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I guess that was missed quite a while ago :(

generatePassword(): Add the missing 5
Thanks to @paultyng for the catch.

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5 added

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KellerFuchs commented Mar 27, 2018

@paultyng FWIW, the core of go-password does pretty much the same thing as this:
return a random element (as in, the element at a random index) from a “charset” buffer, and fill another buffer with the result, then return it as a string.

It does rejection sampling around that, to enforce “at least x {alphanum; symbols; ...}” constraints, but as far as I understand it's not needed here? If it really is, rejection sampling is the way to go, but that sort of policy can dangerousely reduce password entropy (and, BTW, NIST also advises against it).

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jbardin commented Mar 27, 2018

Thanks @KellerFuchs,

I'm also not strongly in favor of the go-password algorithm, since it only inserts a set number of "optional" characters, meaning you don't get much additional entropy as from a normal distribution. I'm OK with rejection sampling of the results in this case, since we have no choice but to conform to the set policy in some way.

Thanks!

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paultyng commented Mar 27, 2018

In this case we are unfortunately at the mercy of how IAM is configured, but it is possible to query IAM to see what the policy is before forcing the rejections.

https://docs.aws.amazon.com/sdk-for-go/api/service/iam/#IAM.GetAccountPasswordPolicy

charset := `abcdefghijklmnopqrstuvwxyz
ABCDEFGHIJKLMNOPQRSTUVWXYZ
0123456789
!@#$%^&*()_+-=[]{}|'`

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@mwhooker

mwhooker Mar 28, 2018

I think you may want to make this something like

	charsets := strings.Join([]string{
		"abcdefghijklmnopqrstuvwxyz",
		"ABCDEFGHIJKLMNOPQRSTUVWXYZ",
		"012346789",
		"!@#$%^&*()_+-=[]{}|'",
	}, "")

since this has 3 newlines in it

https://play.golang.org/p/UkuPLAvmbuS

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KellerFuchs Mar 29, 2018

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Oops, thanks a lot.
I did pretty much what you did to test, but got “luckier” (and had a larger non-\n charset) :/

@bflad bflad added this to the v1.14.0 milestone Mar 29, 2018

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KellerFuchs commented Mar 29, 2018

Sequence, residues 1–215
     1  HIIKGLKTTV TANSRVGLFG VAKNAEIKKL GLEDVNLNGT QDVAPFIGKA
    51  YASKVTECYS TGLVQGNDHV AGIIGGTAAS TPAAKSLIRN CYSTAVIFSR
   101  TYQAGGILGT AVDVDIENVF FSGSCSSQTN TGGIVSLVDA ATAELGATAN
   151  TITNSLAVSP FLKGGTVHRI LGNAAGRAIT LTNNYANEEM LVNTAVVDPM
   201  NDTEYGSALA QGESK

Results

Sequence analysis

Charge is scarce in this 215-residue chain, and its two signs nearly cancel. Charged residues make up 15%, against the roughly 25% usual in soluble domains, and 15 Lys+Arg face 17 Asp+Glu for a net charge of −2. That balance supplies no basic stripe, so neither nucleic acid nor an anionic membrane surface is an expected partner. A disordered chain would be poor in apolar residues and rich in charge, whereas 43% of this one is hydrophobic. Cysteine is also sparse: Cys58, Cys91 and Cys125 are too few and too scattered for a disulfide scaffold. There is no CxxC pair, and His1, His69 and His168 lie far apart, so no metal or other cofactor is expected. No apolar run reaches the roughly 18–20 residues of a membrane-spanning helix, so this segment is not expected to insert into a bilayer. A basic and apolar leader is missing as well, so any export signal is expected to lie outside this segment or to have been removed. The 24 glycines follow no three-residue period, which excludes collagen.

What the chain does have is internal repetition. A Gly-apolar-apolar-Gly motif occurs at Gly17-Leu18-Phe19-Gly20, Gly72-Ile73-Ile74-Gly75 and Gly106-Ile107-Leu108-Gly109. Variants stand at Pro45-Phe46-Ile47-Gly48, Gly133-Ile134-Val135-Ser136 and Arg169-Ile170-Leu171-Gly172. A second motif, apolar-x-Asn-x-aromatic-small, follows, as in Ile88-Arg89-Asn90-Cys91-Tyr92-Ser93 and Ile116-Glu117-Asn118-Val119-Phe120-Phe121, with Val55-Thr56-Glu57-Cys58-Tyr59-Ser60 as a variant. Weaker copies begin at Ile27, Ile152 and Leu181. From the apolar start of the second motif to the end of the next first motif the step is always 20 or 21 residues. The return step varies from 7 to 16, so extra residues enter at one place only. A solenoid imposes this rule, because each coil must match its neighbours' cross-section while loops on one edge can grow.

Sorry for the slow replies, my laptop died earlier in the week so it took a while to be back online.
FYI, this issue was assigned CVE-2018-9057.

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KellerFuchs commented Mar 29, 2018

@paultyng As far as I understand, there is no default password policy, and users setting one can break the current code too?
If that's correct, shouldn't that go in a separate issue?

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jbardin commented Mar 29, 2018

@KellerFuchs,

No worries, thanks for the update.

Yes, the only default in the policy is the minimum length of 6, and this particular PR doesn't need to deal with the policy directly. The old code would probably pass any reasonable policy, but that was at the expense of not generating good passwords. I'll follow up with a separate PR regarding the policy checks.

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jbardin commented Mar 29, 2018

Hi @KellerFuchs,

Thanks again for your work on this.
Since the charset needed to be updated, I moved your commit into a new branch and made the modifications there, along with the policy checking. The new PR is #3989.

Closing this since it's been superseded.

@jbardin jbardin closed this Mar 29, 2018

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KellerFuchs commented Mar 29, 2018

@jbardin Am I misunderstanding something, or is #3989 meant to does with the case where there is a password policy set? If so, please reopen, so we can get the security-relevant bits actually merged and deployed, and keep the work on the other issue (not checking and conforming to password policies) in #3989

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jbardin commented Mar 29, 2018

@KellerFuchs, we are intending to merge the security related commit and the policy checks together to prevent breaking existing users. The policy work isn't going to delay the release.

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KellerFuchs commented Mar 29, 2018

Mkay